Carbon dioxide, fiber, what type of laser do I need?

by:Lxshow     2021-07-20

CO2 and fiber lasers are the most common types of lasers used for material processing, including laser cutting, laser engraving and laser marking. This overview introduces materials suitable for CO2 lasers and fiber lasers with powers less than 200 watts. It also introduces links to resources to help you determine the best laser system configuration to meet your requirements.

CO2 laser processing materials

The focused energy of CO2 lasers below 200 watts is mainly used for processing organic materials, but it can perform some processing on inorganic non-metallic materials. By using special optics to obtain a sufficiently high laser power density, CO2 lasers at these power levels can also mark certain metals. The following are CO2 lasers used in the following processes and materials:

CO2 cutting and marking/engraving

For cutting with a power of 150 watts or less, the actual maximum thickness of many organic materials is limited It is .125 inches (3.2 mm) to 1.0 inches (25.4 mm). This limit varies greatly depending on the density and composition of the material. It is also possible to cut some low-density foam materials with a thickness of not more than 2.0 inches (50.8 mm). The maximum cutting thickness and processing speed are largely affected by the applied laser energy, so it is recommended to use a larger power (75-150 watts) to process thicker materials or increase productivity.

The following materials are suitable for CO2 laser cutting, engraving and marking:

Plastic products







Composite materials (if metal or other inorganic matter content is small)

CO2 Marking/engraving (no cutting)

It is possible to mark or engrave many materials with CO2 laser energy of less than 200 watts, because there is enough laser energy for obvious surface interaction, but there is not enough energy to penetrate Material to be cut. Generally, if a material is inorganic and heat resistant (will not melt or has a high melting point), it cannot be laser cut with a CO2 laser with a power rating of less than 200 watts.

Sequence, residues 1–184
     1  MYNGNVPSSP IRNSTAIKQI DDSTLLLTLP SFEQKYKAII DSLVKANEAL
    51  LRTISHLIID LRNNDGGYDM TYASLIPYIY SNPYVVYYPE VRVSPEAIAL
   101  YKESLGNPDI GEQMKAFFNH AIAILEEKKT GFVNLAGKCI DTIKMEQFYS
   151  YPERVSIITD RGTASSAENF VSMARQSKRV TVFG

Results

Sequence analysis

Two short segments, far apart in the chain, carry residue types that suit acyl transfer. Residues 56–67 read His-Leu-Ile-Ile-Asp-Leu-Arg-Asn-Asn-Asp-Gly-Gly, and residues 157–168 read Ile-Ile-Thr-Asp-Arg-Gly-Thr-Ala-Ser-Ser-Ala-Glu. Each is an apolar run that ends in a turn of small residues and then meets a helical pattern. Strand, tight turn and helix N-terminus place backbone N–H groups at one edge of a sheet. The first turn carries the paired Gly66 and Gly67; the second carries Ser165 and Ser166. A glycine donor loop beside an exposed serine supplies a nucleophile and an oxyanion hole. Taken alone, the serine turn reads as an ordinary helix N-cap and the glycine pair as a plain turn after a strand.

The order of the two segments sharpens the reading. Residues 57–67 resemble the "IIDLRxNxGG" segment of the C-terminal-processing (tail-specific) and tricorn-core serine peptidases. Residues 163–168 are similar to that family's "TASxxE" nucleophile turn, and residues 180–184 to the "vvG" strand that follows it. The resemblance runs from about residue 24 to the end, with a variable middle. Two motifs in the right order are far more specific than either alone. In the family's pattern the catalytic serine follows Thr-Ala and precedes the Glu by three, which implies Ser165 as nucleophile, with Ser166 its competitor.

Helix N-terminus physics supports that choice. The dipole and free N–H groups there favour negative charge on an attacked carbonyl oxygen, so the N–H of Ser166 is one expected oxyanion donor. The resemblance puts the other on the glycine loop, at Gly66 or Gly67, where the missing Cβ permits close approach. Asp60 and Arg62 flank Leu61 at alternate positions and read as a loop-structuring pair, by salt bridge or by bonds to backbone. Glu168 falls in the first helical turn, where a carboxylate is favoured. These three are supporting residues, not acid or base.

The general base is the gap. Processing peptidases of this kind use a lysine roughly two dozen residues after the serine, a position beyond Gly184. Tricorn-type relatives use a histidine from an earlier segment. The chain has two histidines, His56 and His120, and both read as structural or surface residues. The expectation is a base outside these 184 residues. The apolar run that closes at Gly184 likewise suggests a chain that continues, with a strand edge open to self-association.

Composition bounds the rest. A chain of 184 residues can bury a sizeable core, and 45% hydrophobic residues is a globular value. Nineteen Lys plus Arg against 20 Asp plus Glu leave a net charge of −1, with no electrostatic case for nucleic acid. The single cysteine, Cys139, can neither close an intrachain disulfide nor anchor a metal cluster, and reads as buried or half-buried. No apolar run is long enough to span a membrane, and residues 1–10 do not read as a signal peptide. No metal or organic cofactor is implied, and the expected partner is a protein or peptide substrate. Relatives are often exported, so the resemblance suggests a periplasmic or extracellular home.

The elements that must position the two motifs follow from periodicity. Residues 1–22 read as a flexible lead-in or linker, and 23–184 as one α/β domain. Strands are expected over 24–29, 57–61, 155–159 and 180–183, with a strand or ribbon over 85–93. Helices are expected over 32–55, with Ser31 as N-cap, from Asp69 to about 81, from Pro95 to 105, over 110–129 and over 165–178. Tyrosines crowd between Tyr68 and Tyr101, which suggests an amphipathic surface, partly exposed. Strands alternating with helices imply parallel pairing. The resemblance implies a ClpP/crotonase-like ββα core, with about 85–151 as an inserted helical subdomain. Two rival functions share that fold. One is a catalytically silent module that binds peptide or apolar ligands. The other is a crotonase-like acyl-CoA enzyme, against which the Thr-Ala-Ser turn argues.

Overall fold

The following materials are suitable for CO2 laser marking. In some cases, they can also be used for shallow engraving:




Steel and titanium (surface marking)

It is difficult to mark with CO2 laser because metal will reflect or conduct most of the laser energy away from the focus. In order to make the laser power as low as 25 watts, it can mark the surface of steel and titanium, the Universal Laser System (ULS) developed and obtained the patent of the patented high power density focusing optics (HPDFO™), by focusing the laser energy to a significantly higher The small focus size for focusing is unmatched by any standard optical system. Concentrating the laser energy into a smaller spot can significantly increase the power density to overcome the energy loss of reflection and conduction, thereby achieving steel and titanium marking. Learn more about HPDFO.

Fiber laser processing materials

Fiber lasers with a rated power of 100 watts or less are mainly used for marking/engraving metal materials. The shorter wavelengths of fiber lasers (compared to CO2 lasers) can be more effectively absorbed by metals. The advantage of fiber lasers with metal is that they can mark more metal types, penetrate below the metal surface, and have faster marking/engraving capabilities than CO2 lasers with similar power ratings. Fiber lasers are also used to mark the surface of certain plastics. The filler of these plastics absorbs and reflects the energy of the fiber laser.

Fiber laser marking/engraving

The following materials are suitable for fiber laser marking, and in some cases, suitable for shallow engraving:

Metal (large Most types)

Plastics-including black acetal, black acrylic, black PTFE and other plastics with laser receptive additives, fillers or pigments. For most of these, it is not organic plastics that absorb and react with laser energy, but rather pigments, fillers, or other additives that react to fiber laser energy.

Fiber lasers are also used to selectively remove thin metal coatings on substrates (including glass and PET plastic films) that are not affected by the energy of the fiber laser.


The choice of the laser you choose depends largely on your processing requirements.

Before deciding on the configuration, please consider all the materials that are important to you now and in the future. You can use our online tool to help configure a laser system with the correct laser source to meet your material processing requirements.

You can also contact us by phone, email (, online chat or web form to solve your material handling problems. We will help you determine the best laser configuration according to your requirements. This is our contact information.

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